jewel box picture frames

A picture of Melly in a pretentious frame from MOMA.  Small, expensive, and without any glass or plastic to protect the picture itself. The same photo after scanning, digital resizing, and enclosure in a freely-available CD jewel box from the trash.

The following list of defects in CD packaging design was partially drawn from Tibor and Lulu Kalman's article "How to Open a CD Box" in the 12.13.1998 issue of The New York Times Magazine.

  1. The plastic wrap is difficult to open. A special tool has been made and marketed especially for the purpose.
  2. The sticker that seals the CD case has an integral pull tab that always tears the sticker when you pull it. What's more, this sticker serves no useful purpose, as it is quite easy to remove the CD without damaging the sticker by dismantling the case.
  3. The plastic case itself is grossly space-inefficient. Only 50 of them will fit into a foot of shelf space, whereas the same amount of space can be made to hold 200 CDs in cardboard sleeves.
  4. The integral plastic retaining clips that hold the CD in the case are fragile and break off easily.
  5. The list of song tracks is rarely if ever printed on the CD itself. To get it, you have to look on the back of the case or, often, on the inside of the liner notes, which are difficult to remove and even more difficult to replace in the (again, easily-broken) plastic clips inside the front cover.
  6. The jewel boxes are slippery and are thus difficult to stack and/or carry in number.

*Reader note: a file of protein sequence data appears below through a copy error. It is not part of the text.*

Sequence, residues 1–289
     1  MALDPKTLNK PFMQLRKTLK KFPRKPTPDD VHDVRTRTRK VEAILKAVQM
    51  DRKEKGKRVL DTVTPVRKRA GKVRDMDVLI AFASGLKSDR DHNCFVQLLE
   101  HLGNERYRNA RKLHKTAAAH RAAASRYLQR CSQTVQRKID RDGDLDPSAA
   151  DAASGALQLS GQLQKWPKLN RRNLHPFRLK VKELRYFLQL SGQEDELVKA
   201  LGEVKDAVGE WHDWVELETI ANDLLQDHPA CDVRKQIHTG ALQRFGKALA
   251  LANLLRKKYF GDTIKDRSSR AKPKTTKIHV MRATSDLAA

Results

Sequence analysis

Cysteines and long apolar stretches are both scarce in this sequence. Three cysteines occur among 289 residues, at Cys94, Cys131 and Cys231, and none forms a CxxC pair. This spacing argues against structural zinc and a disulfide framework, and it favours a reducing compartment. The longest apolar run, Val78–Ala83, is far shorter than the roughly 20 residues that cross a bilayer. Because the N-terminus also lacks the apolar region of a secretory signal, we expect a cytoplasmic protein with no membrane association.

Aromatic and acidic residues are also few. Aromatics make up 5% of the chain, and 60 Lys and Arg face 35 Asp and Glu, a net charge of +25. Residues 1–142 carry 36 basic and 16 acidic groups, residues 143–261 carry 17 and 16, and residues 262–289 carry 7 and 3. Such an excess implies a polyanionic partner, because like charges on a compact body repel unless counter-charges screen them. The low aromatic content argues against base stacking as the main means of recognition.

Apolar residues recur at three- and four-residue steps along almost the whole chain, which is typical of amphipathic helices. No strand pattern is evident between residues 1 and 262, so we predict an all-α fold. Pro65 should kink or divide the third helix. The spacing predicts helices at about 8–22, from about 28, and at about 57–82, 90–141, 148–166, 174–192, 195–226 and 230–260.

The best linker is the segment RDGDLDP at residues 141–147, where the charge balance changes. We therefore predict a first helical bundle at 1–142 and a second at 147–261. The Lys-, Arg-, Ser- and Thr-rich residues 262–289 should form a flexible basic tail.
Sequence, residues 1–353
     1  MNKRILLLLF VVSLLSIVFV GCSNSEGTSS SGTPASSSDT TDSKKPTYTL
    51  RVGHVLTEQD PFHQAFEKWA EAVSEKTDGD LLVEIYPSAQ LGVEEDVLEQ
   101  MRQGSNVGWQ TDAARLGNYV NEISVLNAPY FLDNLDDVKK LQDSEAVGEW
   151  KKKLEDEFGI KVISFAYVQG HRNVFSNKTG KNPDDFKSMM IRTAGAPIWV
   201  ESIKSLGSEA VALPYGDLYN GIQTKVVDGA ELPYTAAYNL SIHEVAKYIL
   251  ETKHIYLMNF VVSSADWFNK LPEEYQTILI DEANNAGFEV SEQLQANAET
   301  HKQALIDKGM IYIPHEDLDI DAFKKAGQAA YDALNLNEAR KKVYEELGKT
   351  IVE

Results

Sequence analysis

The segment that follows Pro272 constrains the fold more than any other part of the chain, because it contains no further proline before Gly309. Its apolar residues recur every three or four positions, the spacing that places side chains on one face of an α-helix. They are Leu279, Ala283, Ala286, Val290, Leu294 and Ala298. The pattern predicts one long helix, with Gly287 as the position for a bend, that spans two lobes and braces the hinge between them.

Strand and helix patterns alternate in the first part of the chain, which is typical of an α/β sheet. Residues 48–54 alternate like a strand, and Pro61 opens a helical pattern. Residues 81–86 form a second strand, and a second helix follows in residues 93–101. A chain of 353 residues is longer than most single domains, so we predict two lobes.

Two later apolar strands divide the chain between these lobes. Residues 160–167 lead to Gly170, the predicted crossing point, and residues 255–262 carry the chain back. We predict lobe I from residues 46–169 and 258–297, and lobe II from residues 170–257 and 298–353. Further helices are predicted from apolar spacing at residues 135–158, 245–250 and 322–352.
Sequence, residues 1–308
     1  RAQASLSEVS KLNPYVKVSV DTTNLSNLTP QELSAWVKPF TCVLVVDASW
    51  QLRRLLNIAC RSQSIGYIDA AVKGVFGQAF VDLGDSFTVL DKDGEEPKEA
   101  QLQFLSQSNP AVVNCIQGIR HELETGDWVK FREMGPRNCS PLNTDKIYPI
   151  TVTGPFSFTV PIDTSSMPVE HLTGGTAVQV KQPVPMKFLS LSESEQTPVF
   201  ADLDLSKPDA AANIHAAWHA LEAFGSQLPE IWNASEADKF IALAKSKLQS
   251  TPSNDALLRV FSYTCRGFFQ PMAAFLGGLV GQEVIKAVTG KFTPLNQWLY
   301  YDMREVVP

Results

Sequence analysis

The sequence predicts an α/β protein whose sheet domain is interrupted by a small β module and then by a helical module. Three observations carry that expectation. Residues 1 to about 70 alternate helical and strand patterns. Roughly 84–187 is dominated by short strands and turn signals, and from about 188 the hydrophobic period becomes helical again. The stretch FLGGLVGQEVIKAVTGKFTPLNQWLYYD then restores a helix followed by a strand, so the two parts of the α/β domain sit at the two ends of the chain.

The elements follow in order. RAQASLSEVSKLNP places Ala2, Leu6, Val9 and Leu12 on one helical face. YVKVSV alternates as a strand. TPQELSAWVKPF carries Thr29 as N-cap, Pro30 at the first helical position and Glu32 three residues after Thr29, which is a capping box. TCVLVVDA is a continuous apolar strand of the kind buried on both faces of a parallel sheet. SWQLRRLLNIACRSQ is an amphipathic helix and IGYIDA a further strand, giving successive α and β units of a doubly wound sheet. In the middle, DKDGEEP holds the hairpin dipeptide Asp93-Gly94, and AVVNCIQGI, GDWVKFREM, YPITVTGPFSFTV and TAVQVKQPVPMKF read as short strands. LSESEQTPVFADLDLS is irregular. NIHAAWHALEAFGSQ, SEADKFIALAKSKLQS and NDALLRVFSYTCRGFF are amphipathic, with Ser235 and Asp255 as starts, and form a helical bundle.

7. The plastic is fragile and breaks easily when dropped.
  8. The plastic is nonrecyclable.

Because jewel boxes are such a pain in the ass, most people I know with large CD collections have bought some kind of after-market storage system which allows them either to dispose of their jewel boxes altogether, or to keep them in a box in the closet awaiting the day when they decide to sell their discs. I use a special detachable- binding plastic sleeve system I bought from Levenger, Inc. for $80, but if I had it to do over again, I'd do what my girlfriend Melody does--keep them in 3-ring binders using the inexpensive vinyl sleeves sold by office supply stores for filing CD-ROMS. Both she and I have taken literally hundreds of jewel boxes to the dumpster. I tried recycling mine, at first, and found that they couldn't be recycled. Then I tried giving them to a used-CD store, but they didn't want them because they already had so many extra on-hand. Finally I gave up and just threw them away. I keep 5 or so on hand in case I decide to sell more discs than I buy, but I've never had to use them.

Two photos displayed in jewel box frames, showing the use of the partially-open lid to
prop up the picture in either the horizontal or the vertical position.

Reusing jewel boxes as picture frames is the most effective way I've found of recycling them. The primary function of a jewel box, after all, is to prettily display the packaging in-store. Appropriating them to display your own images is nicely subversive. Jewel boxes are cheaply (often, freely) available, and can be easily replaced if damaged. What's more, the lid of the jewel box can be partially opened to prop up and display the picture either horizontally or vertically.

To fit into a jewel case exactly, a picture should be resized to 137 x 117mm.



I have heard, but not verified, that used jewel boxes can be recycled by mailing to:

Plastic Recycling Inc
2015 South Pennsylvania
Indianapolis, IN 46225

Although direct recycling (reusing, really) is preferable in terms of energy conservation to materials recycling, a person can only stand to have so many picture frames. If anybody can verify this company and/or this address as a secondary option, I'd love to hear from you.